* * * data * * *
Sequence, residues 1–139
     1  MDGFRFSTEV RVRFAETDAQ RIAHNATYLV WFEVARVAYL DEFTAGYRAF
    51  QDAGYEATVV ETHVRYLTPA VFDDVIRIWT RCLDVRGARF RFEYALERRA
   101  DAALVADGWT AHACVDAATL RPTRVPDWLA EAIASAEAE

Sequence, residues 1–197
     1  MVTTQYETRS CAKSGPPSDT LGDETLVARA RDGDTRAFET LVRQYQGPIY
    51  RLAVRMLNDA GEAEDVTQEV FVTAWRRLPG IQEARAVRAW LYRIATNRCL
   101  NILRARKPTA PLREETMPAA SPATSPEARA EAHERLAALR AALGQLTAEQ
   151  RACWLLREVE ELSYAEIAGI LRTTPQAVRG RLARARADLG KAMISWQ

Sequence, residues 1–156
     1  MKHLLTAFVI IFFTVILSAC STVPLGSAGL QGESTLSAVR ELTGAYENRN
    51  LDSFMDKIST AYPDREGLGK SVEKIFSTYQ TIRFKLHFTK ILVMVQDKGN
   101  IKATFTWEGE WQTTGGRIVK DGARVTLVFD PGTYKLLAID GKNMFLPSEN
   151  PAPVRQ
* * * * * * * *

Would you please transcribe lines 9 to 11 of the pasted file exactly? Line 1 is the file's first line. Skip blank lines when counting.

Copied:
   151  RACWLLREVE ELSYAEIAGI LRTTPQAVRG RLARARADLG KAMISWQ

Sequence, residues 1–156
     1  MKHLLTAFVI IFFTVILSAC STVPLGSAGL QGESTLSAVR ELTGAYENRN